Ricochet: lonesome Bowie in Singapore
Ricochet is a documentary about Bowie by Gerry Troyna. It follows him visiting different East-Asian countries as part of his Serious Moonlight Tour in 1983.
It’s a strange, fascinating film with a lot of outright weird scenes. For instance there’s a scene of him seemingly being lost on an escalator in Singapore which almost lasts three minutes. We see him go up and down that escalator, not saying a word, while we listen to the ambient track Sense of Doubt from his Heroes album.
He seems so lonesome. So lost.
Chinese pop song
He is obviously fascinated by the people he meets. He addresses them on the street. “Hi, I’m David.” Imagine being approached by David Bowie while you’re shopping or walking to work.
He seems shy. Funny thing is that I remember the press describing Bowie as having cleaned up his act, wearing classy suits, blonde, sun-burned, clean-toothed, drug-free, energetic, normal, but he seems as weird as in The Man Who Fell To Earth. A clueless alien, with his platinum blonde hair.
We see him putting a lot of effort trying to connect with people, but he never really succeeds. When he is talking with a couple of women in Hong Kong, about the upcoming transition from British to Chinese sovereignty, he suddenly starts humming the old Chinese pop song Méiguì méiguì wǒ ài nǐ (Rose, rose I love you, as it is known in the West) to change the subject.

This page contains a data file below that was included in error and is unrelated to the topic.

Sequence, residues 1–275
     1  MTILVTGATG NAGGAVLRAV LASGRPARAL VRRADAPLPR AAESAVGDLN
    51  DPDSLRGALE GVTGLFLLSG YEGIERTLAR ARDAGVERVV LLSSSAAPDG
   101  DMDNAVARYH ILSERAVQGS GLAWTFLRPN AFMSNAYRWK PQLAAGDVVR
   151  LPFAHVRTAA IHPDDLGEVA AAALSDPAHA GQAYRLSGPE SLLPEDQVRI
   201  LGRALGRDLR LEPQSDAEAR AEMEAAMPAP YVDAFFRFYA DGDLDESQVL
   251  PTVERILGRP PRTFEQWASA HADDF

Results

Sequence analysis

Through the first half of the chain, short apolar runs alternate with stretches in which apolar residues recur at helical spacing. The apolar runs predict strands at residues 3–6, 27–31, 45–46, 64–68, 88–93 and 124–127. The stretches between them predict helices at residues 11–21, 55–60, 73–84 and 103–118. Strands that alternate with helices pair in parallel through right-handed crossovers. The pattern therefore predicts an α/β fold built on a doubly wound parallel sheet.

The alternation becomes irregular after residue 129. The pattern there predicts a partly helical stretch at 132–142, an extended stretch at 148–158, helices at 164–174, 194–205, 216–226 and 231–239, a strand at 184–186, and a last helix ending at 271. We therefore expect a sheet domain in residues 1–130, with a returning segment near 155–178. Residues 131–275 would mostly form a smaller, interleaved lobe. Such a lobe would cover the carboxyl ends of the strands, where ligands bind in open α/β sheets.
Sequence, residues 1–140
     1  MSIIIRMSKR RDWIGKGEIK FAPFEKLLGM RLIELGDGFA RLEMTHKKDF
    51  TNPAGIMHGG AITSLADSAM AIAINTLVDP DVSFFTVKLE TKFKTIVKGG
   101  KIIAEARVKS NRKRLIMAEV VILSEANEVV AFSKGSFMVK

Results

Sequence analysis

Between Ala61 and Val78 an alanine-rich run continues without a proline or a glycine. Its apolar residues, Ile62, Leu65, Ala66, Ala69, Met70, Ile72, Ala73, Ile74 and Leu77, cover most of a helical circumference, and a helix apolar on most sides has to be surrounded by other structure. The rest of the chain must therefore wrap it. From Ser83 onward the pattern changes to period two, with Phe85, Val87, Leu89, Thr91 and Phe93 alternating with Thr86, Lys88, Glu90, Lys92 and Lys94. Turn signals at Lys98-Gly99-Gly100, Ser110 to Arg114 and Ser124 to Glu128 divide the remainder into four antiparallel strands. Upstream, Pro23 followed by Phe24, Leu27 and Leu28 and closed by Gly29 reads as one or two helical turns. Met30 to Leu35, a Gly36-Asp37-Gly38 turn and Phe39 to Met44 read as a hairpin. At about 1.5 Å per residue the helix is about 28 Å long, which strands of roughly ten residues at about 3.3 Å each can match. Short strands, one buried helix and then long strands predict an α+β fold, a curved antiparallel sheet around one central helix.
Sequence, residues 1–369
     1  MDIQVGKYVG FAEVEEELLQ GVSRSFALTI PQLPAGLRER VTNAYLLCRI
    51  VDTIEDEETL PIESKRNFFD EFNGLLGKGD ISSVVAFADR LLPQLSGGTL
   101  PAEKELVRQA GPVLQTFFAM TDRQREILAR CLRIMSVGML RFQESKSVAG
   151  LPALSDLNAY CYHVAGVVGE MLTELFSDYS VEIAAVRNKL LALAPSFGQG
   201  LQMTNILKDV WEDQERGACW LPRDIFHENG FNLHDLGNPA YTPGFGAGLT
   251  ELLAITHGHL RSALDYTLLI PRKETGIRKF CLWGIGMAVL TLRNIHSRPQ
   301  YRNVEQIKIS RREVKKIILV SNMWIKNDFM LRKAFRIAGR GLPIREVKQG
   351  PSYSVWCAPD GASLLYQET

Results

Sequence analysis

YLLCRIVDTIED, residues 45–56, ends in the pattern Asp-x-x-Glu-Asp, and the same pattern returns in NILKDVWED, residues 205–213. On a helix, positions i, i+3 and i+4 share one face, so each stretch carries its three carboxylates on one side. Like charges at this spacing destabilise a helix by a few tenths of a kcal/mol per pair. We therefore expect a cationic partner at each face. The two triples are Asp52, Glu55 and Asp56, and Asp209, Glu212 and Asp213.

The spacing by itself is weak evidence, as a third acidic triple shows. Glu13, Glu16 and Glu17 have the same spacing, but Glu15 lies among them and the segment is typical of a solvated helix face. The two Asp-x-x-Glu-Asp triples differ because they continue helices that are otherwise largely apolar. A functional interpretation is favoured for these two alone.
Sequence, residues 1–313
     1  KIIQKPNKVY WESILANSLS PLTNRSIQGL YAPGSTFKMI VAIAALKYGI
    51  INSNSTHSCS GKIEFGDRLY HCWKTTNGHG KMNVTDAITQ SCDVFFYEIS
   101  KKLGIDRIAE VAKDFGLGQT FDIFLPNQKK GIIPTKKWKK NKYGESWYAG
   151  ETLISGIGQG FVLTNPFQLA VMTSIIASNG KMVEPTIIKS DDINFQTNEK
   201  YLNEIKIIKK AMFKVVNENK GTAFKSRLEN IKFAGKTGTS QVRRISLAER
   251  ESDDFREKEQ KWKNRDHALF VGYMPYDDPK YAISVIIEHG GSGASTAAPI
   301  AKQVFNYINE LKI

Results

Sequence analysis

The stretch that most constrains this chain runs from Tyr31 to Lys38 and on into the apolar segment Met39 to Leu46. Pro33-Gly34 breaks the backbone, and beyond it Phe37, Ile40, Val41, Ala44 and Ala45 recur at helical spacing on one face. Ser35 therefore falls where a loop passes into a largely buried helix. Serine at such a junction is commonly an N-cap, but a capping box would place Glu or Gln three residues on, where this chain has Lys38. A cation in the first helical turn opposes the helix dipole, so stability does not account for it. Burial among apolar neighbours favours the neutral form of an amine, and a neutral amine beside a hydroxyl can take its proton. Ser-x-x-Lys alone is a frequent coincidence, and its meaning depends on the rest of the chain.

Call for prayer
Walking the Singapore streets, where Chinese temple bells compete with the Islamic call for prayer, the traffic noise and the machines on a construction site, in his white suit, wearing a white fedora hat, like he is a character from a novel by Graham Greene or Paul Bowles.
He asks permission to watch the rehearsal of a Chinese opera group, which is flat refused (the women he asks have no idea who he is). Can he come back tonight? “I dunno”, he says. “It’s difficult.”
He regains his self confidence when he is being interviewed by a Singaporean reporter, surrounded by his own crew, taking the piss (somewhat) at the reporter.
Price of tickets
Troyna seems to stress the gap between Bowie and the common people with a story line about a couple of Chinese fans, musicians themselves, trying to come up with the money for a ticket to his concert. Meanwhile Bowie is negotiating with the organizers about the price of the tickets. He will not lower them.
Then there is this mysterious man with sunglasses whom he encounters a couple of times during the documentary, as if we’re watching an old spy flick instead of a documentary. What’s up with that? (PB)
op 21 01 2016 at 00:54 schreef Sasha Berkman: